The mixed companies, created since 2007, are associations between PDVSA and a transnational company, under conditions of superiority and hegemony in the association in favour of PDVSA. The majority of mixed companies in the Orinoco Belt, for example, have an average of 60 – 65% of shares in the hands of PDVSA and 40 – 35% in the hands of the international counterpart. As such, PDVSA guarantees the control of operations and strategic orientation of the business. Chevron, and by extension Halliburton, were covered by these mechanisms because they decided to stay beneath our conditions.

Chevron was a beneficiary of a set of “conditions of trust” that facilitated PDVSA to consolidate the mixed companies in 2007. In fact, these conditions continue in the present and are the same as those offered to Chinese, Russian, Argentine, or Brazilian companies. One of these conditions is that the international partner in the mixed company, although it doesn’t have total autonomy in the operative management of the assigned oilfields, can propose contracts with operators below preferential conditions, with whom PDVSA, as the head organisation that controls all operative processes, should countersign and make said agreements. That is to say, if we are associated with Chevron, we will be associated with Halliburton by Chevron’s association, as Halliburton operates in the oilfields assigned to the mixed companies PetroPiar and PetroBoscan.

To illustrate it another way: if it’s necessary to increase the production of barrels of oil in the Belt, it is necessary to make agreements with PetroPiar. If financing is necessary, Chevron will make its contribution, and if it’s necessary to undertake operations, Halliburton will participate as a contractor. PDVSA has to make these agreements with Halliburton, as it [PDVSA] is the company that has the hegemony of the Belt and has shares in PetroPiar, and it’s the one that assumes the responsibility of carrying out these agreements.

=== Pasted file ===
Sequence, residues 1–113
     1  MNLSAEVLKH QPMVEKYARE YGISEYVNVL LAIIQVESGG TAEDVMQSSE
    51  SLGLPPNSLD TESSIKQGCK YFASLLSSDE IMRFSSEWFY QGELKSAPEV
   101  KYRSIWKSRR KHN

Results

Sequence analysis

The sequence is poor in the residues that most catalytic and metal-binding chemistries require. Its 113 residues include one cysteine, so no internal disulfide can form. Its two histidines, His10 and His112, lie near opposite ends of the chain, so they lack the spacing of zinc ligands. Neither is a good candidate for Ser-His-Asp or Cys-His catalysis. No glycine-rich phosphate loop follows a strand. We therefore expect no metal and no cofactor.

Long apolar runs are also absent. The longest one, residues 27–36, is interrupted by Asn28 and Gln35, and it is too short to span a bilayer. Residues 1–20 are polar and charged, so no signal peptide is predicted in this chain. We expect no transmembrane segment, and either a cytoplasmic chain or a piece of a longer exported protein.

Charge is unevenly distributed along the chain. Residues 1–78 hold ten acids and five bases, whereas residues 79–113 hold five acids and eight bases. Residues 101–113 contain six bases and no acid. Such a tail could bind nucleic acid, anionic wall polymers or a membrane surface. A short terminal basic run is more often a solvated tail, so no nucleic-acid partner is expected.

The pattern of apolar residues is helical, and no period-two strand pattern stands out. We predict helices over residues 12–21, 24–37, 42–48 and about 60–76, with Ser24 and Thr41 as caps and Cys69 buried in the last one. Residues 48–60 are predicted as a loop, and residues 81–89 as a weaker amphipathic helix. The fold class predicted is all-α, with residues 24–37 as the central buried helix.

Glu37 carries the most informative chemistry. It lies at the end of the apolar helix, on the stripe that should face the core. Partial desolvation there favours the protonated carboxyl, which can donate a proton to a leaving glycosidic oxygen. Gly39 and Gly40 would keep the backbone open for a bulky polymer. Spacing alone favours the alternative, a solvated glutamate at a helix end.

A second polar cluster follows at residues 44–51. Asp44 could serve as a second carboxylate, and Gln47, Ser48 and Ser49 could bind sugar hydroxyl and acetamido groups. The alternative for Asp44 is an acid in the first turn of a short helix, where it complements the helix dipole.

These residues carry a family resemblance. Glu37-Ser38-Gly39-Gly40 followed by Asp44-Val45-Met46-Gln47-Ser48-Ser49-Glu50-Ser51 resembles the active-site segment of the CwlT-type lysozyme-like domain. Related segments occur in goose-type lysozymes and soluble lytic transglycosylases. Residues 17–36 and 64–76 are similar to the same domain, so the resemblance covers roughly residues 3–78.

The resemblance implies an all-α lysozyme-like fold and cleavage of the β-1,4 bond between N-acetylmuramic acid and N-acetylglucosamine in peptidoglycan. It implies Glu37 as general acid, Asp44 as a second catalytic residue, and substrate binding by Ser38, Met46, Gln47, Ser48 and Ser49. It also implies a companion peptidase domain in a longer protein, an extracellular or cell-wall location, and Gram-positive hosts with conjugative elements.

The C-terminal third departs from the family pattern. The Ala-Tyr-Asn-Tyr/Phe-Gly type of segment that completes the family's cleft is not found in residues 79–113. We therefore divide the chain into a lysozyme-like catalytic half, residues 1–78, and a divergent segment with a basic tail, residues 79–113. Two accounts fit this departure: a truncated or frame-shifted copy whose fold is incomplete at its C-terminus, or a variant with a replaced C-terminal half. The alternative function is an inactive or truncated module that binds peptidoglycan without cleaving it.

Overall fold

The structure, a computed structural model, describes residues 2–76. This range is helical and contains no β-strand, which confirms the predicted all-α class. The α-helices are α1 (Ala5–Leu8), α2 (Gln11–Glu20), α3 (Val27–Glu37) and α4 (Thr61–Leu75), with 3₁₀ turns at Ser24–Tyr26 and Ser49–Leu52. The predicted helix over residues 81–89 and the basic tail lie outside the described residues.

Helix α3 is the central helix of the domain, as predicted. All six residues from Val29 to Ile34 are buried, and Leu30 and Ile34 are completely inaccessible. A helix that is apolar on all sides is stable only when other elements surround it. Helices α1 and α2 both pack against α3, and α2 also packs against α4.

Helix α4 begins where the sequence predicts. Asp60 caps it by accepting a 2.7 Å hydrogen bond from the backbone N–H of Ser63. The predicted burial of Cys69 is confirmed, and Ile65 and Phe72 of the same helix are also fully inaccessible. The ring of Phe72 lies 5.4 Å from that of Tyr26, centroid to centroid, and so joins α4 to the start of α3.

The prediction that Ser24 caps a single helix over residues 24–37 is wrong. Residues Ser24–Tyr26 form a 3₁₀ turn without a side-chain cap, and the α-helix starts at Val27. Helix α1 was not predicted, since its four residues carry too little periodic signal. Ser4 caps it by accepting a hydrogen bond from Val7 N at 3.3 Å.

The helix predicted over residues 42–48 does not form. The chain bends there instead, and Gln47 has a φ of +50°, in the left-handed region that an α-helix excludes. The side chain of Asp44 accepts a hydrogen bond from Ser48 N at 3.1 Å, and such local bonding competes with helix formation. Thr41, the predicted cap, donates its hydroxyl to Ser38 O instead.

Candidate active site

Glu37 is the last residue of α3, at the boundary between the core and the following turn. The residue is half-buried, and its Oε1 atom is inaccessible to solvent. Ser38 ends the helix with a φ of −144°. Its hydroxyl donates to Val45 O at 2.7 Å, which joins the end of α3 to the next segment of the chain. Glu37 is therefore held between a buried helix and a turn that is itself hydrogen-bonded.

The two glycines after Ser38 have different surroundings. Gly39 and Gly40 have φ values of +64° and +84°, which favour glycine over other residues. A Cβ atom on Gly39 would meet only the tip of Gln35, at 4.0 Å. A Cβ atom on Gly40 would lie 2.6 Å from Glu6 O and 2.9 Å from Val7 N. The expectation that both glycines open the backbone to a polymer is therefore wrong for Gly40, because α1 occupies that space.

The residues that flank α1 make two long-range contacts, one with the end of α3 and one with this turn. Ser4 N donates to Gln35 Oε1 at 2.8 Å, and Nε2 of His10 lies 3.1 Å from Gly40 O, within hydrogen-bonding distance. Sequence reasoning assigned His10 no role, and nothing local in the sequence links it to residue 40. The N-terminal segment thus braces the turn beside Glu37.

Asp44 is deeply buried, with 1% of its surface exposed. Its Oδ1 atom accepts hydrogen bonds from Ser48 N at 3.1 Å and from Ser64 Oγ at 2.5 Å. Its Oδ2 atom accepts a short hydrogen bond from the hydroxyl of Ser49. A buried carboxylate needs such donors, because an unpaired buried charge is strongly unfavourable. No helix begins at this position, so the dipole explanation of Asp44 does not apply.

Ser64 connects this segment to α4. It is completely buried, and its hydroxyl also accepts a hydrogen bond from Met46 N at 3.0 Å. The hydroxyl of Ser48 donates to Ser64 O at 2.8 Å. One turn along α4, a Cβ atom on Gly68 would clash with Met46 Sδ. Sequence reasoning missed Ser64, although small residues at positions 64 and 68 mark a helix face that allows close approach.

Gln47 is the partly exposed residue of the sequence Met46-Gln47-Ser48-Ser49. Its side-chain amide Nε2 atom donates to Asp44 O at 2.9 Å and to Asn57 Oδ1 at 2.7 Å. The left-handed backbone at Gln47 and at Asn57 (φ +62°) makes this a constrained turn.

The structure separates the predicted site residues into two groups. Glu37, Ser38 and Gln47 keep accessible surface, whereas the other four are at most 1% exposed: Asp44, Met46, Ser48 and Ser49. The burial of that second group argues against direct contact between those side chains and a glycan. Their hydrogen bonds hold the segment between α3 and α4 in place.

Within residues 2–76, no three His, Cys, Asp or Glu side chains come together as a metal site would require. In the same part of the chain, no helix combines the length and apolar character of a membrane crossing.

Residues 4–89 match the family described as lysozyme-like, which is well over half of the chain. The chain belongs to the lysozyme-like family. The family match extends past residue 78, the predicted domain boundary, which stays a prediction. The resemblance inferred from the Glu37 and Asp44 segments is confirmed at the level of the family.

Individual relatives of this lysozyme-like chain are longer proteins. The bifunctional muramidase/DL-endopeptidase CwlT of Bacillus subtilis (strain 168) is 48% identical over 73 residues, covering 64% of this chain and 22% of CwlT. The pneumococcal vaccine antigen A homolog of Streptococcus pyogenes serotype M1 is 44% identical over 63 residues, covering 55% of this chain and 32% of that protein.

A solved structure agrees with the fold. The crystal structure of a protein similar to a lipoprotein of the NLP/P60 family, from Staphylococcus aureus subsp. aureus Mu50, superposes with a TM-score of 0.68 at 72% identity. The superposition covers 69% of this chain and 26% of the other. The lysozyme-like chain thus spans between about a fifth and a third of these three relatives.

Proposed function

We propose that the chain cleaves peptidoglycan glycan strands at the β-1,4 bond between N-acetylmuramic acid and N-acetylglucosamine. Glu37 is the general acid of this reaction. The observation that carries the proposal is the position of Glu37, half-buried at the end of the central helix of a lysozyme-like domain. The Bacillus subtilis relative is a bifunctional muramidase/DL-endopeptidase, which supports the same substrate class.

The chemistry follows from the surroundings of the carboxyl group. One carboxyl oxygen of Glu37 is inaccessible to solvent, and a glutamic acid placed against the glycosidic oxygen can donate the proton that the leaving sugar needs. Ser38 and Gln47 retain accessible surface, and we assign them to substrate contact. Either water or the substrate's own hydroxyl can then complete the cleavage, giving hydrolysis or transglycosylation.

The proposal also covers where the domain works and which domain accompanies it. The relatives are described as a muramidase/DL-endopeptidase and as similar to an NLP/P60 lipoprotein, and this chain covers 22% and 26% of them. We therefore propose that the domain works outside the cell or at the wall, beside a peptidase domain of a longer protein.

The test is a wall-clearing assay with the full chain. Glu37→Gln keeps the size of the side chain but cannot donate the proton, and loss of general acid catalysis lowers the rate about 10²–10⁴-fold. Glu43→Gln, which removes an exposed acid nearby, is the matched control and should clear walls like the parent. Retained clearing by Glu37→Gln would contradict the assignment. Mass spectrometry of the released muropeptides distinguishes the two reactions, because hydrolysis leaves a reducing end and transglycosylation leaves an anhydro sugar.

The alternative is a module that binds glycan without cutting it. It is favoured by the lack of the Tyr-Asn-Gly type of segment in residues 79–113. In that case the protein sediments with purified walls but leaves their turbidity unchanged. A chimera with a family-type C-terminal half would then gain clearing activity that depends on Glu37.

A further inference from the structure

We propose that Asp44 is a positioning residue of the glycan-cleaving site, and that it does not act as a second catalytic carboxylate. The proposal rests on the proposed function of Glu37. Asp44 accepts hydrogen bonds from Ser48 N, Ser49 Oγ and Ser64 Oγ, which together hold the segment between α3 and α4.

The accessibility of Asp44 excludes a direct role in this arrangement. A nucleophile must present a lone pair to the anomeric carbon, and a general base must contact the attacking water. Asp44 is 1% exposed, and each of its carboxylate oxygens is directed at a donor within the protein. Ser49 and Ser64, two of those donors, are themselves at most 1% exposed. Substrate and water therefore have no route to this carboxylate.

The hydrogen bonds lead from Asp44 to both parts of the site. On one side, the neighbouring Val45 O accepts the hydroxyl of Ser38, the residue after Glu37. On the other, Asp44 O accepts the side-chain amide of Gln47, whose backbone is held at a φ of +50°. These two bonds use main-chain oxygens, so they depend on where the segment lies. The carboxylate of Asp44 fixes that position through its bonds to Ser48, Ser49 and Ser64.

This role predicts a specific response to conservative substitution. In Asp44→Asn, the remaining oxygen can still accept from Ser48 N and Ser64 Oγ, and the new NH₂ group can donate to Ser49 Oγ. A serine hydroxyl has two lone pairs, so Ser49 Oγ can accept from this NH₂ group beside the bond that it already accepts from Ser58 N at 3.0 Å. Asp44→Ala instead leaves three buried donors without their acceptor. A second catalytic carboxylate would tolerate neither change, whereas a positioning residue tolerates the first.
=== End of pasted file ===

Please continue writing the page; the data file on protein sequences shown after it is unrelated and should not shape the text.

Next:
If we check the Plan of the Nation [the national development plan drafted by Hugo Chavez in 2012], the aim for the increase in extraction of barrels per day (bpd) is from 3 million bpd in 2012 to 6 million bpd in 2019. This implies accelerating all the processes of joint action with PDVSA and all its partners, especially in the Belt. It is due to this that PDVSA makes these agreements with these companies.

Currently all of the mixed companies have the obligation of re-launching operative schedules, estimating necessary financing and accelerating production. $US 140 billion is needed to put all of the Belt into operation, 7 thousand kilometers of pipes, two refineries, two deep water ports for supertankers, and thousands of drills and tillers for this end.

To make this investment sustainable, a sensible and immediate increase in current production is required, as in 2014, this goal is already lagging compared with what is set out in the “Sowing the Oil” plan, which is what governs production goals. Put another way, if PDVSA needs to meet the goal, if it’s necessary to pump more oil because the country needs more foreign currency, then it’s necessary to work with the operators that are already working and that already have operations in the oilfields of the Belt. That’s the explanation for the controversial PDVSA – Halliburton agreement.

That said, it’s necessary to make something known. This way of doing business in the framework of the new petroleum policy was thought of as a formula to restore the leading role of PDVSA and the state in the systems of production in oil deposits, without this undermining foreign investment and creating the conditions for the transnationals themselves to destroy our vulnerable system of oil production: as it also must be said, after 2002, in 2007, and in the present, vestiges of technological and operative dependence on these operators has been and is still palpable.

Our oil company has been the victim of a partial technological blockade and the scant transfer of technology by these companies. To dispense with these companies immediately means that our very vulnerable capacity to produce would also be affected, especially in the Belt, the extra-heavy oil found there and on which our national development and finances depend. The logical thing in this case, seeing it from a sovereign point of view, would be to break the link of technological dependence. There has been great advancement on this matter, but not at the speed hoped for.